by Lamine Kane
Usually when we speak about Native Americans, we fail to integrate all aspects of their lives in the discussions. It is almost as though we ignore all the happenings revolving around Natives. In this blog, we will talk about Gary “Litefoot” Davis and how he was inspired by hip-hop, a powerful megaphone for the voiceless, which was born in the 1970’s in the Bronx. Though hip-hop was born in the African American community, it has built and spread a large movement to express, stand and fight for people to be free and safe all across the globe. Litefoot, a citizen of the Cherokee Nation in the 1990’s jumped into the movement as the first Native American from a federally recognized reservation to use the megaphone and be the voice of his people.
In 1995, during the beginning of his rapping career, Litefoot, in an interview with E.K. Caldwell for his book Dreaming the Dawn: Conversations with Native Artists and Activists, describes how he was told by a record label that they would give him a deal “on the condition that his lyrics not be Indian…because Indians don’t buy tapes – they buy alcohol” (Caldwell, 63). This motivated the artist to establish his own music label, Red Vinyl Records. When I read this, I could not stop thinking about what I learned in ETST-240(Native American Cultural Expressions), that Native American reservations are some of the poorest places in the country and face among the highest crime, suicide and high school dropouts as a result of alcoholism. Litefoot grasped the culture of hip-hop because Native Americans have been oppressed the longest in the United States and the least listened to. Hip-hop was talking about their struggles: poverty, crime, drugs, alcohol, teen pregnancy and a lot of things that happen in marginalized communities similar to those living in reservations and Litefoot related to that. From this position, he wrote and performed many songs in regards to Native American lives.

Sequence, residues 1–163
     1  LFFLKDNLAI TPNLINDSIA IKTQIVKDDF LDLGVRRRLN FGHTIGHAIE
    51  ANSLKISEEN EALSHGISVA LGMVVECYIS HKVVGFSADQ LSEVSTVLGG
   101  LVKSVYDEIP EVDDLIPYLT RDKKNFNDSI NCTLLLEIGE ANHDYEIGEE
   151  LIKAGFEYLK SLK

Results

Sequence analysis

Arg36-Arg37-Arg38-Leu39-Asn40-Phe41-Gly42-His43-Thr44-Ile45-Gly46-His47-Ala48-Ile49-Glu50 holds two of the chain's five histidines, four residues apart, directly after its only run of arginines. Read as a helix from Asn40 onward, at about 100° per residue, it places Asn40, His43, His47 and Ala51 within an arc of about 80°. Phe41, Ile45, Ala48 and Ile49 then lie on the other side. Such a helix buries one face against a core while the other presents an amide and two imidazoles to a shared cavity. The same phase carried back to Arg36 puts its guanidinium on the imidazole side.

Litefoot released 12 albums with popular songs such as “For My People,” “Concrete Soldier,” “Warriors Road (feat. Steve Reevis),” and “My land,” which tells the story of the pain white people have inflicted upon Native Americans throughout history. In “My land,” he changes an American anthem in the chorus saying: “This land is our land/This land ain’t your land/From California to the New York islands,” which highlights my most important lesson learned from ETST-240, listening. He raps “So forget what you heard in your school book,” adding “A reservation’s the apology/Anthropology shows the truth/But they still won’t acknowledge me.” This song says a lot and remind me of what I learned, which is that we are to listen and explore beyond what we are told about Native Americans, especially in regards to Native sovereignty. Native Americans are more than just history and are still here to be heard and acknowledged. It is up to our generation to give back what was taken. Gary “Litefoot” Davis is a rapper, entrepreneur, actor, designer and author.
Caldwell, E. K. (1999). Dreaming the dawn: Conversations with native artists and activists. Lincoln: University of Nebraska Press.
L. (2014). My Land. Retrieved November 25, 2016, from http://genius.com/Litefoot-my-land- lyrics
Litefoot – Native American Musician, Actor, Author and Speaker. (n.d.). Retrieved November 26, 2016, from http://litefoot.com/